Aren’t unconventional grandparents great? I could probably rename this blog Grandma Stories and never run out of material!

Barbara Forte Abate

What a GREAT story — although I do wonder how long it took before it FELT like a great story :-) Having an unconventional Grandmother is such an enormous gift. My own was indeed one of my great life hero’s, all contained in a 5′ Italian package. Our travel adventures (not counting the verbal versions about her life back in the Old Country) only went as far as our memorable bus trips from my little home town to NYC for the San Gennaro Festival in Little Italy. Sadly, I don’t speak Italian and she didn’t speak English very well, but somehow we always managed to understand each other. Alas, the stories … the stories … and every one of them precious.


Thanks, Barbara! And, yeah, it took a while…but even then, I think I knew it had serious story potential, and I have to say that I impressed the heck out of the Eastern Star ladies when they learned what I’d been up to that day!

I wandered once into the San Gennaro Festival when I was in NYC one year. Such a wonderful, wonderful surprise! Thank you for that memory!

Your grandmother sounds fascinating! I hope you write down some of the stories. I’ve found so many have slipped away, you know?

Carrie Daws

Wow!! What a priceless story! Old people, err, excuse me, senior citizens can be … well, ummm. How about focused? (With my parents and all of their living siblings in the 70-90 year old bracket, I say that with the most loving respect possible!!) LOL…I love this story and its insights into your family. Makes me want to sit and think back to some of our family “horror” stories that we now laugh over.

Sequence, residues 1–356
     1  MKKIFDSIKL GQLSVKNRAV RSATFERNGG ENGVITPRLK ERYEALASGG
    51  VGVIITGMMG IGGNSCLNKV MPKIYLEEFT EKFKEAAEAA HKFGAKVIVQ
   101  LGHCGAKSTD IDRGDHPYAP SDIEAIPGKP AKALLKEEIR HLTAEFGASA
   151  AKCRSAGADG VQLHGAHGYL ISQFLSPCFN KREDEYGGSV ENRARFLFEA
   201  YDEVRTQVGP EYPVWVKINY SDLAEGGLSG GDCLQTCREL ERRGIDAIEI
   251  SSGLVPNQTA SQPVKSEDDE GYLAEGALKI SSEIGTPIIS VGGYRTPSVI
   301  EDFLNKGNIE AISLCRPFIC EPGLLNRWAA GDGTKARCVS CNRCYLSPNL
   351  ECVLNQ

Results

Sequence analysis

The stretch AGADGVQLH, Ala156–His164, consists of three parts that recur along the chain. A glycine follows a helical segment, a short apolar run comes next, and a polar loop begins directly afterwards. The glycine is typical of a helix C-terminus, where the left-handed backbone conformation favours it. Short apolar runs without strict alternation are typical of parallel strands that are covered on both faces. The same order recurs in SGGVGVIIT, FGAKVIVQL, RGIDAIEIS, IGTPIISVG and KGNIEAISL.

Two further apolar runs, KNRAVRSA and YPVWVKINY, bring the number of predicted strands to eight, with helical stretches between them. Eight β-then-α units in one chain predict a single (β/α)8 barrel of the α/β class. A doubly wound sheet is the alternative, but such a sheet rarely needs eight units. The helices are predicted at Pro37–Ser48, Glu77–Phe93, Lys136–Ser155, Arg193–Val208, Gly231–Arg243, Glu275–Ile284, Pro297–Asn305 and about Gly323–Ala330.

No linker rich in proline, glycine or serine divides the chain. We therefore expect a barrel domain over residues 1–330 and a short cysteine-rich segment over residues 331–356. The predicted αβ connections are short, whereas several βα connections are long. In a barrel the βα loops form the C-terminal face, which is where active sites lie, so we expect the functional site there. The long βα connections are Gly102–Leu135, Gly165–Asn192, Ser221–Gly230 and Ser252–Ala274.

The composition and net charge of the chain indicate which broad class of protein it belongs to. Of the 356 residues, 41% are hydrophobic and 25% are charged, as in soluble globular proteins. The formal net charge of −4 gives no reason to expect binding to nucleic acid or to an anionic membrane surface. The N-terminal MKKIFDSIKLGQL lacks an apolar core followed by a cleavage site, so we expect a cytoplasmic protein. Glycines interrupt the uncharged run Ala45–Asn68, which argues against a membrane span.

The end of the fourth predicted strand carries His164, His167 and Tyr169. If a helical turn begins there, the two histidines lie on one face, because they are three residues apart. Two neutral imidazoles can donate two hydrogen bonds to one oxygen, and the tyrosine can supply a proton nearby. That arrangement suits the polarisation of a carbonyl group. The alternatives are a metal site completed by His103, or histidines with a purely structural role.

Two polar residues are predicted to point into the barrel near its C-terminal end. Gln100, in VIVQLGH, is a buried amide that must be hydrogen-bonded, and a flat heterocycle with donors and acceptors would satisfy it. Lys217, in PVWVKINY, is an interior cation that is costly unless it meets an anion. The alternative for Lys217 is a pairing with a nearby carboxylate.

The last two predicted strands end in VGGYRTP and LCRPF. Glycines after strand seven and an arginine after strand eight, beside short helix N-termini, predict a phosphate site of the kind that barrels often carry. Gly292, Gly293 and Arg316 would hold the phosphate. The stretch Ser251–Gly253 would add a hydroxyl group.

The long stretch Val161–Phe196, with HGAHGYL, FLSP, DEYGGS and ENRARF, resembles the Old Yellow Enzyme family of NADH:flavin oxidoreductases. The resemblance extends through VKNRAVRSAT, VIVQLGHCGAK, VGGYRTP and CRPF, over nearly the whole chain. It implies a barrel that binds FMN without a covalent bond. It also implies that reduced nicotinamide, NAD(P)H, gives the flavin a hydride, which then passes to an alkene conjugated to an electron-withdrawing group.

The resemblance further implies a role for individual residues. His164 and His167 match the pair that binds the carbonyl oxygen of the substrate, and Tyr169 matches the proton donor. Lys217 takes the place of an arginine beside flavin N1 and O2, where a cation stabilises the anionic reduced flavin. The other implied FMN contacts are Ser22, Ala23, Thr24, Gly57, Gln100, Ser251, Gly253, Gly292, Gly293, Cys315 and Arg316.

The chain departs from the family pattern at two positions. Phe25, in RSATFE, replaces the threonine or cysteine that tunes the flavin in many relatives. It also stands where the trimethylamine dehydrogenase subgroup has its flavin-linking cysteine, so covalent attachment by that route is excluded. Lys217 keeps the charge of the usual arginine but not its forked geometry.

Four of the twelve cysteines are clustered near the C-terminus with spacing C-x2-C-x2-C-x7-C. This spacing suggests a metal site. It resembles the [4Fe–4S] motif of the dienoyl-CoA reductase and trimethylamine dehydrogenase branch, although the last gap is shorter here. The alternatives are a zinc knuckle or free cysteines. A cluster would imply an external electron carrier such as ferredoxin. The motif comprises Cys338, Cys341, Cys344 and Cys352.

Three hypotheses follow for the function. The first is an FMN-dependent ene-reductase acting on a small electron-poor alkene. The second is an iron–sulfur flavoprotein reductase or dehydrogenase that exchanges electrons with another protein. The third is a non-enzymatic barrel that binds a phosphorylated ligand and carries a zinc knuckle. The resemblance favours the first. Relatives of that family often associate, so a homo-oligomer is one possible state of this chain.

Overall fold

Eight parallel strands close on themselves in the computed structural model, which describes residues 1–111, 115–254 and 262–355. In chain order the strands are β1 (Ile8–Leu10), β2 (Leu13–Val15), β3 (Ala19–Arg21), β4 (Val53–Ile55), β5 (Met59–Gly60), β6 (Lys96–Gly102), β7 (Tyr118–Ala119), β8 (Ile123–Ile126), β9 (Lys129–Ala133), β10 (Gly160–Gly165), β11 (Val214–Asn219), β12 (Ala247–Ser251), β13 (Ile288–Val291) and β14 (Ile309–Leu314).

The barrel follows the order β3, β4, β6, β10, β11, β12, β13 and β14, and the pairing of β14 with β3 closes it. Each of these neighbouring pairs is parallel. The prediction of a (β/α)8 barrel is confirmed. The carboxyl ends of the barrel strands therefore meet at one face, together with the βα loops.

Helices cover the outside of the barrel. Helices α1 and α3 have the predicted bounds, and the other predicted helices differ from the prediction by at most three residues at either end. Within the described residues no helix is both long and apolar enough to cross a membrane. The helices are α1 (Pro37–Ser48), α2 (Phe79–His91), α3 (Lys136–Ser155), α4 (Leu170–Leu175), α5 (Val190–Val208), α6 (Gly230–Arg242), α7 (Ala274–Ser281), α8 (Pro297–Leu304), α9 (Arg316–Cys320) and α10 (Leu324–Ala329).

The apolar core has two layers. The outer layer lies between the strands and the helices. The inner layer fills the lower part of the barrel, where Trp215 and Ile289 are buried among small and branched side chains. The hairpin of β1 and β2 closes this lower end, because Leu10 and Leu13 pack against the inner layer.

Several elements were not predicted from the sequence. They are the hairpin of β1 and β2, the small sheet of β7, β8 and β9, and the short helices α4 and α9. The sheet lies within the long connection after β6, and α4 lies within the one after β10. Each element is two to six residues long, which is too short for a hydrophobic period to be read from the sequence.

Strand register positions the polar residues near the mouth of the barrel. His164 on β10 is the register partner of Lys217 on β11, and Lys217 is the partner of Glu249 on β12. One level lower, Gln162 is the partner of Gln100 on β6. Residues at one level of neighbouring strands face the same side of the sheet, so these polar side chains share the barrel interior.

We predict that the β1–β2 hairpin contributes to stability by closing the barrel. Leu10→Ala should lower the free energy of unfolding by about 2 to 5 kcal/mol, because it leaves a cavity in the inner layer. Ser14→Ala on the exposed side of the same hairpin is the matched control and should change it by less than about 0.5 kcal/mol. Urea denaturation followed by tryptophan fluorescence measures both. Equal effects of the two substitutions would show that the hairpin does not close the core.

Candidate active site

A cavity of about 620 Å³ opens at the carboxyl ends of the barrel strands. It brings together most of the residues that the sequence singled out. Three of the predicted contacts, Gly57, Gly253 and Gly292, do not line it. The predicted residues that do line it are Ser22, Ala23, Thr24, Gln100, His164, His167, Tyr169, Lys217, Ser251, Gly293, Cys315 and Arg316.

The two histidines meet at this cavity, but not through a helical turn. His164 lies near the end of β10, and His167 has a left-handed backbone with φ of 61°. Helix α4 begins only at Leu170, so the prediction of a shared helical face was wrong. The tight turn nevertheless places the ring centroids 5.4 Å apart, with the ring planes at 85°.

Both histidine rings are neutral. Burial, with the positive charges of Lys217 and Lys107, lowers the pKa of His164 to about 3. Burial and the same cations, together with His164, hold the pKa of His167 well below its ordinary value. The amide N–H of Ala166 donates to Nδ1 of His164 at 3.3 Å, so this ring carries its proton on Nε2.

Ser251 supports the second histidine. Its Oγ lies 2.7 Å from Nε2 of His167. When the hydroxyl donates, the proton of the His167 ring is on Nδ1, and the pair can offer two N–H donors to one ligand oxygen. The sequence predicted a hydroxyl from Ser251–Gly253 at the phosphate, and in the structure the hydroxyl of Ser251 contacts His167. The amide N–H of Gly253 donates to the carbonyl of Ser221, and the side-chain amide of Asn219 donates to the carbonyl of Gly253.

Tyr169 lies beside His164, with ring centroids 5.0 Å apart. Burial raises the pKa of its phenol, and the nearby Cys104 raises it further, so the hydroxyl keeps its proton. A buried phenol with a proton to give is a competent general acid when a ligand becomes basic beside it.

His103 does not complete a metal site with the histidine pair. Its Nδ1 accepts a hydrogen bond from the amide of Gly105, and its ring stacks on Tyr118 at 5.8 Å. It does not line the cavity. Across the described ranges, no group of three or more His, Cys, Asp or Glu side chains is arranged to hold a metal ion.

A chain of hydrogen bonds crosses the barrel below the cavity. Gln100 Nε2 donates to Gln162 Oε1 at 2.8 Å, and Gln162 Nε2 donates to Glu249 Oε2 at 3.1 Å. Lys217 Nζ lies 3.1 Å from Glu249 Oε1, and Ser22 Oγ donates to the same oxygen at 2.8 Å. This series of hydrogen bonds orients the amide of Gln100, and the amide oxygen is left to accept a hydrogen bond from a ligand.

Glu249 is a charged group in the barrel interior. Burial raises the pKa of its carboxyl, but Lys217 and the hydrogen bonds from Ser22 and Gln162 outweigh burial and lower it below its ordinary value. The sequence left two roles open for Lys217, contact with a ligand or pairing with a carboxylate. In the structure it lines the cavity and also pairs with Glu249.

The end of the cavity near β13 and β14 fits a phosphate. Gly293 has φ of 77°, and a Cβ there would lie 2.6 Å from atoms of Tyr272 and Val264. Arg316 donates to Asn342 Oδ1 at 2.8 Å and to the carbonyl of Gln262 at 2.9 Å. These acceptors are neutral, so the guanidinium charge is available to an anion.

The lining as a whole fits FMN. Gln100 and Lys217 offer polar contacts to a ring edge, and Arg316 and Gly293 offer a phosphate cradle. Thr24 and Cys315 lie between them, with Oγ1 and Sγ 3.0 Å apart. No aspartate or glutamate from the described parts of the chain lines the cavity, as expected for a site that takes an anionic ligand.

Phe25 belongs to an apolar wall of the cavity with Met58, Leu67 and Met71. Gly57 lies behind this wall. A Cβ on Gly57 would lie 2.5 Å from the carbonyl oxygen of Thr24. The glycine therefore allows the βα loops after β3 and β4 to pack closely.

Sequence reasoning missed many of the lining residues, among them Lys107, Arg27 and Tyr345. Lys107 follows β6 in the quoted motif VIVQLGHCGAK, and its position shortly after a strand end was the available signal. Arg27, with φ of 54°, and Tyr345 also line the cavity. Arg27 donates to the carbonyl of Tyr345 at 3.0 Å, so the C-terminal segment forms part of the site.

You should! I’m terrible at keeping a journal, but I really wish that I’d been better at it. I can remember how much I’ve forgotten…and if that’s not a frustrating feeling, I don’t know what is!

Patricia Caviglia

What a great story! You were a pretty brave teen to be wandering an unfamiliar city blindly and without knowing the language.

I only remember my grandfather vividly. He wore pants so big that he could have fit in to them 3 times and he was always moving except when he sat down to eat. Mom took me home to Brazil to meet her family and my grandfather owned some farmland outside of Sao Paolo where the family lived. We spent the day traveling to a farm, steered clear of his mean chickens and blew up some snakes with dynamite. Good times!


Brave? Maybe. But I think desperate is more accurate!

I love your description of your grandpa. I can completely picture him. And the dynamite! Oh my! I used to visit a friend who lived in the country, and we’d wake to the sound of shotguns…her dad was blasting the cottonmouths in the tank. Yikes!